KO BY CANELO: Khan Gone in Six



KO BY CANELO: Khan Gone in Six

Amir Khan boxed beautifully and was an ace ring general on Saturday at the brand new T-Mobile (AEG/MGM) Arena in Vegas. His hand speed edge was considerable, his mobility advantage was paying healthy dividends…And then the right hand by Canelo Alvarez clipped him, sent him down like he'd been tased. The ref didn't finish a count, as his head slammed on the mat, and his eyes were glassed over.

Canelo froze him, and Khan was mummified, in round six, those five rounds of top tier sweet science funneled down the drain.


Khan started a jab, but halted it, and it was too late to block. The right came, after Canelo faked a jab, and the Mexican timed it to perfection, mustard and jalapeño on it. It exploded, landing on the Brit's chin, immediately scrambling synapses, disastrously for the loser.


(Hogan Photo)

The WBC middleweight belt held by Canelo was up for grabs in this catchweight showdown.

Looking to boost his legacy immensely, Khan (age 29; 155 on Friday; from Bolton, England) came in at 31-3. The game's top PPV draw Canelo (age 25; 155; from Mexico) was 46-1.

In the first, Khan was a smart ring general. A sharp right and lightning jab scored early, while a left hook landed on Khan sharply midway through.

In the second, Khan moved well. His combos looked sharp and flowed well. He made Canelo look silly missing.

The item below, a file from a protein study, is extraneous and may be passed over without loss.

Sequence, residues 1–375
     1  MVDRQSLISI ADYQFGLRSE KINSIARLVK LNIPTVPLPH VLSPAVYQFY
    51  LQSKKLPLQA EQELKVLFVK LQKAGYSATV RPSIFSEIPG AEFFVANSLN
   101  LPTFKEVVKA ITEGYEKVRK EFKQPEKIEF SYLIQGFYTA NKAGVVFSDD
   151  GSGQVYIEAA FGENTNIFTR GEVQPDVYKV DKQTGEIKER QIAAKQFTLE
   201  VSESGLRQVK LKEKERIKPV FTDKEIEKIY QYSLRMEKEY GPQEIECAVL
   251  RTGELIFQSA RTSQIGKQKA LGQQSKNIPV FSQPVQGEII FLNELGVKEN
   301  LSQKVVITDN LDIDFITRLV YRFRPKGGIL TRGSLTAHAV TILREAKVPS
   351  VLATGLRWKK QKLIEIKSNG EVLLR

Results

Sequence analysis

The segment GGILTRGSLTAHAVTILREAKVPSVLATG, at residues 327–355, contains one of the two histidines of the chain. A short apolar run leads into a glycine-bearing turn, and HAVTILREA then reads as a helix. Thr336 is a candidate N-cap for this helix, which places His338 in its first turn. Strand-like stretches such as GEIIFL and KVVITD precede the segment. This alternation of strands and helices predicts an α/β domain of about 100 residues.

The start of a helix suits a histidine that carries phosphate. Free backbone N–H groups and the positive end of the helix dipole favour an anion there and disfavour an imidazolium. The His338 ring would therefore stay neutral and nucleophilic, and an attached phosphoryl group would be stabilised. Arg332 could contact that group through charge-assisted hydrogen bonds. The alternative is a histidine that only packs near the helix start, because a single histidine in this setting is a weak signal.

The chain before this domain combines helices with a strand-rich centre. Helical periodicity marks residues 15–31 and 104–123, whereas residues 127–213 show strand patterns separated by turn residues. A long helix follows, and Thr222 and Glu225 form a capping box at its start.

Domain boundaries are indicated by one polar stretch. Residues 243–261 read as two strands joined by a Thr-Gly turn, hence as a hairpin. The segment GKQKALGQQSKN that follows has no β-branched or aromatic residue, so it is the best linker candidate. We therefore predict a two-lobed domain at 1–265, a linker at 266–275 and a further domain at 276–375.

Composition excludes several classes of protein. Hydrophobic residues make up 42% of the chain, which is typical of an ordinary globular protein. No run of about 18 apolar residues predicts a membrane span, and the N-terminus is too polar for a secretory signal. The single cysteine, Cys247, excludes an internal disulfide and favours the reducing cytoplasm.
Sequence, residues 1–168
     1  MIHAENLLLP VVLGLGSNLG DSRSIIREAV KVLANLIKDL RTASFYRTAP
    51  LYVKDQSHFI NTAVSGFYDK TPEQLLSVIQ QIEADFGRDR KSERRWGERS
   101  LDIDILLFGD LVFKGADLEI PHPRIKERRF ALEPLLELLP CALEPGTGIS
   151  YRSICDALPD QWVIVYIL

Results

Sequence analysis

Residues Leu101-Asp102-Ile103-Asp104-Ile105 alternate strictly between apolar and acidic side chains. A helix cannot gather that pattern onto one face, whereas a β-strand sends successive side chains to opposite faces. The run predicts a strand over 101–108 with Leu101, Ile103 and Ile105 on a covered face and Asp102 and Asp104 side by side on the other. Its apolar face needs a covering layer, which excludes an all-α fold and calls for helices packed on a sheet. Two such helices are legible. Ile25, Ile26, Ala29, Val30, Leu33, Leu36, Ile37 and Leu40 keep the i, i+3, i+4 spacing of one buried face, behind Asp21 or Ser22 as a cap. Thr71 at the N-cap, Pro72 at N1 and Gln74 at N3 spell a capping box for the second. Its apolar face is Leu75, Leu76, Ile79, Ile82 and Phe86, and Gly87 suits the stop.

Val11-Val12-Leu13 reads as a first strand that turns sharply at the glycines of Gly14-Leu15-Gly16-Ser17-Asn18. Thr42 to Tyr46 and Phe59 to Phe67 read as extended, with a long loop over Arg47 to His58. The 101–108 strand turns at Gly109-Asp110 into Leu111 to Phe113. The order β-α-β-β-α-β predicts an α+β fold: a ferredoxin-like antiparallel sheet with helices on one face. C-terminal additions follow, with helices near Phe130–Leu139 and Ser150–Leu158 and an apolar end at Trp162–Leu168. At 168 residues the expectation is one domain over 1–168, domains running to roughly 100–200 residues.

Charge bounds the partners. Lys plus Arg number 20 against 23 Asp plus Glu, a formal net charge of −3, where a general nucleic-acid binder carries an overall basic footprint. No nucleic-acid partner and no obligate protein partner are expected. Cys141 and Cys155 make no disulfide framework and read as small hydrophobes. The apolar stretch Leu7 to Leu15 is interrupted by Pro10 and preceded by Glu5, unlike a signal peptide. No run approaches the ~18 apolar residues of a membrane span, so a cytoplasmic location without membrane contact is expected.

In the third, another tight round. Khan kept moving and Canelo plodded some.

In the fourth, the hand speed stood out. Khan's quickness spoke to the judges. One, two, three shots from the Brit.

In the fifth, we saw a cut on the Khan right eye. He'd explode with a three punch combo, keep Canelo from advancing, keep the distance to his liking. You had to be wondering if just maybe Khan could keep up this gameplan to get the W.

In round six, the right landed and down went Khan, out. No more wondering… Canelo went right over, concerned, a good sportsman.

The principals spoke after:

“He is a fast fighter, and I knew things would be complicated in beginning, but I knew they would come to my favor as the fight went on,” said Canelo Álvarez. “People have known me only for my power. I have many more qualities in the ring, and I showed that. I think people saw more of me tonight. Someone that comes in to box gives you more trouble and someone that comes right in is a little easier to fight.”

“I want to thank everyone for coming,” said Amir “King” Khan. “I think it's time for Canelo to step up to GGG, just like I stepped up to fight him. I tried as much as I could and trained very hard for this fight. Unfortunately, I didn't get the result I wanted. Although I feel strong at this weight, I am naturally a lighter fighter and plan to go back down to welterweight. But, I like to challenge myself and that is why I took this fight. I want to be the best, and to be the best I have to fight the best.”

“That was the most devastating knockout I have seen from Canelo,” said Oscar De La Hoya, chairman and CEO of Golden Boy Promotions. “I believe it was more devastating than the Kirkland knockout.”

Founder/editor Michael Woods got addicted to boxing in 1990, when Buster Douglas shocked the world with his demolition of the then-impregnable Mike Tyson. The Brooklyn-based journalist has covered the sport since for ESPN The Magazine,, Bad Left Hook and RING. His journalism career started with NY Newsday in 1999. Michael Woods is also an accomplished blow by blow and color man, having done work for Top Rank, DiBella Entertainment, EPIX, and for Facebook Fightnight Live, since 2017.